The federal government unveiled its 2023 Budget yesterday, offering mixed signals to the business community. The budget comes at a difficult time for economic forecasters. The pandemic is still affecting employers and businesses and global supply chains continue to face stress due to the Russian government's war on Ukraine. With stubbornly high inflation, many people are struggling with affordability and uncertainty about how they can grow their business.
Yesterday's budget committed the government to about $43 billion in new spending over six years, said Canadian Chamber Chief Economist Stephen Tapp.
"While there are many ways to break down these moves, I 'follow the money' to identify five big-ticket categories," Tapp said, pointing to $31 billion for health care, $16 billion for tax credits aimed at spurring investment in a clean economy, and about $25 billion for benefit cheques and other new spending. Tapp also noted that new taxes to high-earners will raise about $14 billion while spending cuts will save another $13 billion.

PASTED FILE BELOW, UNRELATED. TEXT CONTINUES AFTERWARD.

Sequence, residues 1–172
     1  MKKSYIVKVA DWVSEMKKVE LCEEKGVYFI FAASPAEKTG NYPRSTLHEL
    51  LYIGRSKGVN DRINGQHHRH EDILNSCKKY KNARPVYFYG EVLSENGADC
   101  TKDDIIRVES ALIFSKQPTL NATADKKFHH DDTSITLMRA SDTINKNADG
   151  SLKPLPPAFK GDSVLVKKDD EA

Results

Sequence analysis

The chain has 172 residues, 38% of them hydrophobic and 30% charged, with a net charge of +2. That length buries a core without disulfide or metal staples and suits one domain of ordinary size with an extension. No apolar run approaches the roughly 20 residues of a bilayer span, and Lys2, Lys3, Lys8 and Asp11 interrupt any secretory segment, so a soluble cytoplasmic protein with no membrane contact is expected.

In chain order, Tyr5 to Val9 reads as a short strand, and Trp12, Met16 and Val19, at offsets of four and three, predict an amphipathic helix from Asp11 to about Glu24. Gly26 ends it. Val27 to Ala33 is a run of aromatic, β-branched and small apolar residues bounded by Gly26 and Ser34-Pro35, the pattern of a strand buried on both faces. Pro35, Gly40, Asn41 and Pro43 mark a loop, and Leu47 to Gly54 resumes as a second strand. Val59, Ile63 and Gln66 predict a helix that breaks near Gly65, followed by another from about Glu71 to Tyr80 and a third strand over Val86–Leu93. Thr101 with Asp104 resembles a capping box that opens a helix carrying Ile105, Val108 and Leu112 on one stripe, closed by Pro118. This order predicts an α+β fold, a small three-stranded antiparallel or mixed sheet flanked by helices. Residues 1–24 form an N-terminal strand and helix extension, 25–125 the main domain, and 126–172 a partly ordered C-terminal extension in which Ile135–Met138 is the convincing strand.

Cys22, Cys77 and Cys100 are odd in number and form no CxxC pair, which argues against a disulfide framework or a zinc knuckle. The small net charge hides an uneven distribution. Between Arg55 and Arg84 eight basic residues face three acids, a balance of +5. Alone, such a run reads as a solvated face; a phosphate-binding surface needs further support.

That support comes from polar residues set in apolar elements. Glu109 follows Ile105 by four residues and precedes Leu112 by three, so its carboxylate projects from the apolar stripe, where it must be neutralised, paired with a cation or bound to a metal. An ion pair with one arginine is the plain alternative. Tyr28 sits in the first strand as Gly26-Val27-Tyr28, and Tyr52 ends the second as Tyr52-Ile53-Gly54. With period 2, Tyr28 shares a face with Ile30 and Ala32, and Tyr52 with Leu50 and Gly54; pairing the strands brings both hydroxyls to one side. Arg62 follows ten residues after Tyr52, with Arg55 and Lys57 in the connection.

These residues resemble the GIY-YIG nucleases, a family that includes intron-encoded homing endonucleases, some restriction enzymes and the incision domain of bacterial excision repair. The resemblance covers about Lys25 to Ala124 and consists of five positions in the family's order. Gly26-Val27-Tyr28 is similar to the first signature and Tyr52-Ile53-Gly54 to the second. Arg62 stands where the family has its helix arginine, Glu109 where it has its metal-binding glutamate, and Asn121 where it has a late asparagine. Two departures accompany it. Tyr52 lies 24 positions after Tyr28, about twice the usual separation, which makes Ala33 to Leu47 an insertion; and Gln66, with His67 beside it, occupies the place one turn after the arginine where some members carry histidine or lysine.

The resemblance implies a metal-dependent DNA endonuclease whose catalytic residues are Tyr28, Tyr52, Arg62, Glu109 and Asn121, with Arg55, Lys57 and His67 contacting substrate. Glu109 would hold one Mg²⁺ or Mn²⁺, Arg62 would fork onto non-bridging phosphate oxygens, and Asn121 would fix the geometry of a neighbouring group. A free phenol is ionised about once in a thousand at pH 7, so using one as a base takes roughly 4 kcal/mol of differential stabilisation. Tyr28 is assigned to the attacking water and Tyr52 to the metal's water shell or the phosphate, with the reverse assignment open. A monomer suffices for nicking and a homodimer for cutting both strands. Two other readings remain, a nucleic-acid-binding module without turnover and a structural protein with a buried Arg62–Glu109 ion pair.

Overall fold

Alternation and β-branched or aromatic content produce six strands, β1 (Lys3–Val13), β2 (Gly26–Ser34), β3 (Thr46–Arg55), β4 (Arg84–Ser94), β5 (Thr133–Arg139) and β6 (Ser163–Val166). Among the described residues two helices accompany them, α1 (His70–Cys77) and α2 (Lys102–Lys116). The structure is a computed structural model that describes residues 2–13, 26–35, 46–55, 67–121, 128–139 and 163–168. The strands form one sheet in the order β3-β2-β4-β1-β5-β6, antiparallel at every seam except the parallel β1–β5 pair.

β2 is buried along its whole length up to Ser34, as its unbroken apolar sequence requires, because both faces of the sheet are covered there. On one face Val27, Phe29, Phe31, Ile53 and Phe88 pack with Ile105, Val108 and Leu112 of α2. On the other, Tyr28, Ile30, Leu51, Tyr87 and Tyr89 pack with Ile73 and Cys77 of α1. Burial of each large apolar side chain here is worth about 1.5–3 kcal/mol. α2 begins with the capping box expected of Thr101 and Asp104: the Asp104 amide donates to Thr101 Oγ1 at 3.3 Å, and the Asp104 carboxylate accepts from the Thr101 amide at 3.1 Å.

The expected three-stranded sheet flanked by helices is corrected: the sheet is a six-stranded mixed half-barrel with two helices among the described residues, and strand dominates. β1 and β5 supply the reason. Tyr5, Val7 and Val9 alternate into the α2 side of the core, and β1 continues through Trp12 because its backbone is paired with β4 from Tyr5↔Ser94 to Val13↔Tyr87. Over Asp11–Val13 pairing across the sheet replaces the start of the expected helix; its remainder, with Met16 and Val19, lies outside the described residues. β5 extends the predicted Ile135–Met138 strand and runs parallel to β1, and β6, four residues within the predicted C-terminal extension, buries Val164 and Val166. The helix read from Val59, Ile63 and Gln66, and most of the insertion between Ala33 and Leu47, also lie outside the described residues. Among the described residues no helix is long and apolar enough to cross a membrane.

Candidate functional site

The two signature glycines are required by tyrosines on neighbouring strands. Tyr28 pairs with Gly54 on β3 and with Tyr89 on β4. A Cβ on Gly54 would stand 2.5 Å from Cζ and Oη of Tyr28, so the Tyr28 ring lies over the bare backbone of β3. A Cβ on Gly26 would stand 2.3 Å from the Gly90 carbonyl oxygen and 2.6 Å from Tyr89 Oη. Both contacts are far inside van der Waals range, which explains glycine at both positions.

The Greater Victoria Chamber of Commerce has advocated for infrastructure projects in our region, including modernization of Belleville Terminal. It's not clear yet if there is money in this budget for that.
"On the one hand, The Chamber is a huge proponent of shifting to a green economy and the opportunities that represents for our members. This budget will offer encouragement to chamber members at the leading edge of this shift," Chamber CEO Bruce Williams said, adding that another positive highlight was a promise to lower credit card transaction fees for small businesses. The government says 90% of businesses that take credit cards will see fees go down by 27%.
Still to be determined is how government spending $2.5 billion on relief cheques for lower-income Canadians will affect inflation.
"On the one hand, businesses will be happy customers have a little more money to spend but will it mean costs keep going up? Time will tell," Williams said.
"The rising cost of doing business is a major concern. Food prices are up, and life is getting more expensive for everyone. Inflation is a problem and higher interest rates have increased the cost of borrowing money, which reduces business investment."